GROWING OLD AT THE DMV
They say that living to a ripe old age is a blessing. But when you do it while standing on line at the DMV (Department of Motor Vehicles), you begin to see things from an entirely different perspective. Suddenly, the expression "something to look forward to" can mean something as mundane as seeing a DMV employee, who is one of three people taking care of a line of about six hundred and thirty-two applicants, get back from lunch. And the emotional impact of the simple word "next" can bring tears of joy trickling down your cheeks.
Probably the most frightening phrase you can hear at the DMV is, "It's a clerical error." This phrase can mean almost any imaginable, horrifying thing you can conjure up. It can mean that you'll have to come back and waste another day. It can mean that you'll have to retake the road test you already passed because your records have been misplaced. Or, it can mean that due to a misspelling of your name you're now on the FBI's most wanted list. And it's not even proper decorum to get angry about such things. You see, it's not really their fault; making errors is part of the system.
But things at the DMV have improved somewhat over the years. On some "lines," instead of standing for hours, as was the case in years gone by, you now take a number, sit down on a bench and watch a large electronic board with a confusing array of numbers until your number comes up. Every now and then someone yells "Bingo!" or asks what time the train to Greenwich leaves.
Having spent my share of time at the DMV, I've found that only about five percent of the time is spent on actually taking care of the business you're there for. In addition to spending about seventy percent of your time waiting on lines, you spend about ten percent looking for the right line and about fifteen percent taking directions from security personnel who sound like they couldn't find the ocean on a cruise ship.
My first line, on one particular occasion, was the "picture" line. That's where everyone "fixes up" and smiles for a picture that'll never be seen by anyone except a cop. And these pictures never come out right. Anyone who actually looks like the picture on his or her driver's license is too ill to drive.
My next line was so crowded, after about two hours, I ruffeld my forms so they wouldn't get moldy before I reached the window.
Then I met Cindy. She was nice enough to offer me a chocolate bar, which I relished. I offered her an orange that I'd bought just before entering the DMV. She refused, saying she was allergic to penicillin.
She showed me pictures of her pets. They were the most adorable little puppies I'd ever seen. Not having pets of my own, I showed her pictures of my last collision. She was impressed. She said it took a lot of talent to twist a fender into the shape of the Big Dipper at only three miles per hour. And I'm not even an astronomer.
As time wore on, we hit it off so well, we made plans to go out on a date. Where we would go, was a tossup between a trendy upper east side night spot for millennials or a downtown senior citizen's ball, depending on how long we still had to spend at the DMV.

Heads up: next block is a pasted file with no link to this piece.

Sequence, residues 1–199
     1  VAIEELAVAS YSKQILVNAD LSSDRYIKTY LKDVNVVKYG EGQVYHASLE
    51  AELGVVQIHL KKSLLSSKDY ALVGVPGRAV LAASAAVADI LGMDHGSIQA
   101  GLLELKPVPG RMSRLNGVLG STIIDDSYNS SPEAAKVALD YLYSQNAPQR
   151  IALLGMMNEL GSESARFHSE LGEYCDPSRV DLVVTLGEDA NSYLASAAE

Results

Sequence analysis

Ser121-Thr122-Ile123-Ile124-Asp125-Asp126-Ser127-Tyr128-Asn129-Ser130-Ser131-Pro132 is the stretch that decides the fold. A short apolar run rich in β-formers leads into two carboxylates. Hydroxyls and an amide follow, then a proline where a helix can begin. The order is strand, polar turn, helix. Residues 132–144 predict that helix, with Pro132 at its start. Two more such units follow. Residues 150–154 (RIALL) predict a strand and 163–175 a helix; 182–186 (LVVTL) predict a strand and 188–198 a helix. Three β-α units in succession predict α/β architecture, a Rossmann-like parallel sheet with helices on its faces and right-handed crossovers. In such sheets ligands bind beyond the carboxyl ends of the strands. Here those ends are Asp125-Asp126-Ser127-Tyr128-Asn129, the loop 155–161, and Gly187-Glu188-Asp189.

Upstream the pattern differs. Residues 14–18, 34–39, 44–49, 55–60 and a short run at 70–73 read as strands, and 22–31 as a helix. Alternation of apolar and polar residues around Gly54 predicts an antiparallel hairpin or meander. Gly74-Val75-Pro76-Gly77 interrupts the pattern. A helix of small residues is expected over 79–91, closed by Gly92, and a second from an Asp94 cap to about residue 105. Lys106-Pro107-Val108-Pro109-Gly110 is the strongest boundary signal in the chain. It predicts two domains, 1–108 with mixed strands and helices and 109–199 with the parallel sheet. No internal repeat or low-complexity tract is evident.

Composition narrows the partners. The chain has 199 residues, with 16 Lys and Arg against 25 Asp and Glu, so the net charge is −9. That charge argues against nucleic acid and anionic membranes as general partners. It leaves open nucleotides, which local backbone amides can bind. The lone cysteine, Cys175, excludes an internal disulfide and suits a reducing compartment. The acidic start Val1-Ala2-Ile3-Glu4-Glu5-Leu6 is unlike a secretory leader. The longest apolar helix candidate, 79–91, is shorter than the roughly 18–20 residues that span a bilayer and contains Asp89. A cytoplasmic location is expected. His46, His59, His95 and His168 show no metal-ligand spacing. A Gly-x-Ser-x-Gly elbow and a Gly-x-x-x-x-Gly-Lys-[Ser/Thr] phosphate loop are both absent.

By now our line had gotten a lot shorter. Eight had renewed their licenses, four were in the wrong line, three were in the wrong country, and six died of old age.
One guy, who wasn't too familiar with our language or customs, thought he was picked out of a lineup when the woman behind the window looked at him and yelled "Next!" He confessed to two burglaries and a subway turnstile jumping. The man now works for the governmant, sort of -- he makes license plates at an upstate correctional facility.
When I finally reached the window, the woman asked to see two forms of identification. I showed her a major credit card and a picture ID. Taking a quick look at the picture, she said, "This doesn't look like you."
I said, "It did when I arrived."
She pointed to an eye chart and asked, "Can you read the bottom line?"
I said, "Can I read it? I know the guy. He works for a Russian car service on my block."
Upon my passing the eye exam, she stamped my forms, saying, "Your license will be good for four years." Then, gleefully pointing to a long cashier's line, she added, "You can pay at the cashier."
"My license is good for four years from when?" I asked. "From when I get on the long cashiers line, or from when I reach the window?" If looks could kill, her looks coud've killed a Brontosaurus.
Once on the cashier's line, I wound up near a guy quietly listening to a small radio. After two hours of eavesdropping on news reports and financial updates, it dawned on me that in the time that I'd been waiting on this line, the dollar had devaluated by about four percent on the Japanese market, our national debt had risen by about six percent, and my patients was wearing thinner by about eighteen percent.
By the time I reached the cashier's window, I had a pretty solid understanding of how the financial markets work -- but still hadn't no idea how the DMV works. Is the DMV's slow system designed to make the place look busy? Or are DMV employees trainig to become postal employees?
Cindy and I were reunited outside. As we shared a cab, I asked the cabbie to step on it. He asked what the rush was. I said, "No rush. We just forgot what moving fast felt like."